The other performances here are note-perfect.  Tye Sheridan and Jacob Lofland donít so much act as they just flawlessly inhabit their respective roles; they bring so much raw tenacity and searing legitimacy to their parts (Sheridan in particular has to carry the emotional burden and weight of the film on his young shoulders, and he does so with total aplomb).  Reese Witherspoon deglams herself rather admirably here; she has not been this understated and assured in years.  Ray McKinnon and Sarah Paulson are persistently convincing as Ellisí troubled parents that try as they may to raise a boy during what appears to be the end of their marriage.  Michael Shannon commands attention in any scene he inhabits in a film, but it is a surprising change of pace to see him more dialed-down and low key here.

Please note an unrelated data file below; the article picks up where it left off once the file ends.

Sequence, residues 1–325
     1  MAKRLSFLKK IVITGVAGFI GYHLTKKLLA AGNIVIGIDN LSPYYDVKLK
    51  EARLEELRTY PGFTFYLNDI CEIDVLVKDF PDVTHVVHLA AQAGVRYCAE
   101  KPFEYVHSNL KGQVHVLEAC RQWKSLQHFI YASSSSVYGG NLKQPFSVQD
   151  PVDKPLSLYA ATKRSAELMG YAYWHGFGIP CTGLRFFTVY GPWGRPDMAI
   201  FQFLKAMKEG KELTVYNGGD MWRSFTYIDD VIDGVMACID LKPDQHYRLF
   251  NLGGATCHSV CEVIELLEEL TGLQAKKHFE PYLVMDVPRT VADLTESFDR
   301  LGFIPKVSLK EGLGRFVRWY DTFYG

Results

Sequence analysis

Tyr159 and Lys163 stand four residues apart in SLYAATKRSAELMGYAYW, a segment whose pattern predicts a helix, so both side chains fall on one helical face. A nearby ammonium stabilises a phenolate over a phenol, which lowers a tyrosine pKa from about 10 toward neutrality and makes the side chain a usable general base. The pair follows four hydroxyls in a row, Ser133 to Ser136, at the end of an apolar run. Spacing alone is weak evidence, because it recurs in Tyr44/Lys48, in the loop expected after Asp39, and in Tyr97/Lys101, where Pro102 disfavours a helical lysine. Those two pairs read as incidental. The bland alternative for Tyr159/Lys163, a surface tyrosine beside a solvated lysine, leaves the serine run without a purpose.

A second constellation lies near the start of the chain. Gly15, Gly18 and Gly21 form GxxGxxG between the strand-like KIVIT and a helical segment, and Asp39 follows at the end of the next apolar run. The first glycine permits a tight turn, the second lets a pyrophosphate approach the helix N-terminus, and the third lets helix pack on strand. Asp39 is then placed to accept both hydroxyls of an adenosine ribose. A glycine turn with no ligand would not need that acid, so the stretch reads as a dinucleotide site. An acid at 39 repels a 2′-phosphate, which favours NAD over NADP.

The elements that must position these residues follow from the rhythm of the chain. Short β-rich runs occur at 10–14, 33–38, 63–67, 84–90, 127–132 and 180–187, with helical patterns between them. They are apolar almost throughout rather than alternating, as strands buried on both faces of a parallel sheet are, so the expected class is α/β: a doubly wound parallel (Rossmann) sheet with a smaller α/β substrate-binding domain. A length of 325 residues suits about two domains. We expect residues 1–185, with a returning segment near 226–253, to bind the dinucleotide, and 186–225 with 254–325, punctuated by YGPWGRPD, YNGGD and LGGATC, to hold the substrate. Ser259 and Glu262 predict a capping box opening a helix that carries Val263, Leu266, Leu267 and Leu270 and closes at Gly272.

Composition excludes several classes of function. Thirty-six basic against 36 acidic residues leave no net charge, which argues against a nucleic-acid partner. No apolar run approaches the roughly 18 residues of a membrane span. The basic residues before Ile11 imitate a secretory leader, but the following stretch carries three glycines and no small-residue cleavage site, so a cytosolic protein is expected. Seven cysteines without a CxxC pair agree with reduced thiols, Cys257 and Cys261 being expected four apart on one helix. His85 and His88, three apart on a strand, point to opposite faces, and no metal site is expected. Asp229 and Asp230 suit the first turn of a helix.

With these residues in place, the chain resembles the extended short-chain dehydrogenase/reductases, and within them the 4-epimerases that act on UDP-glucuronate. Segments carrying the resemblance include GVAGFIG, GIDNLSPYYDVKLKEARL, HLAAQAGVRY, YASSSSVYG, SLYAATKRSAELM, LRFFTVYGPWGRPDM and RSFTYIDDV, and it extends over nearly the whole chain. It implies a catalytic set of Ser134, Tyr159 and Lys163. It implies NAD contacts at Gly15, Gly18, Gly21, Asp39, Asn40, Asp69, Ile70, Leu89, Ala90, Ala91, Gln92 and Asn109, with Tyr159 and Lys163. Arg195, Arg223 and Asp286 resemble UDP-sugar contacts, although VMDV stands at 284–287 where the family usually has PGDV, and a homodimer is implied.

Perhaps the real standout here is Nichols, whom after TAKE SHELTER and now MUD can certainly take claim to be one of the best of a new breed of soulful American filmmakers.  He has such an unforced and discrete knack for rooting MUD as both a Southern fable of mythic splendor while simultaneously digging deep into the convoluted web of emotional conflicts that reside within his characters.  All of his personas have an atypical depth and genuineness about them.  The central quandary of MUD is whether Ellis will just dutifully subscribe to the more idealistic notion of love overcoming every obstacle or bitterly accept that the cold veracity of love is not a consequence-free entity.  The manner that Nichols explores these ideas alongside issues of family loyalty, codes of honor, and the notion of what makes a true family unit strong makes MUD such a richly drawn and intoxicating drama.  Ultimately, the film is about Ellisís internal battle with what his heart wants and what his head tells him.  In many ways, MUD intuitively captures what itís like to be an impressionable and naÔve boy far better than most dramas, which makes it one of 2013ís finest films thus far.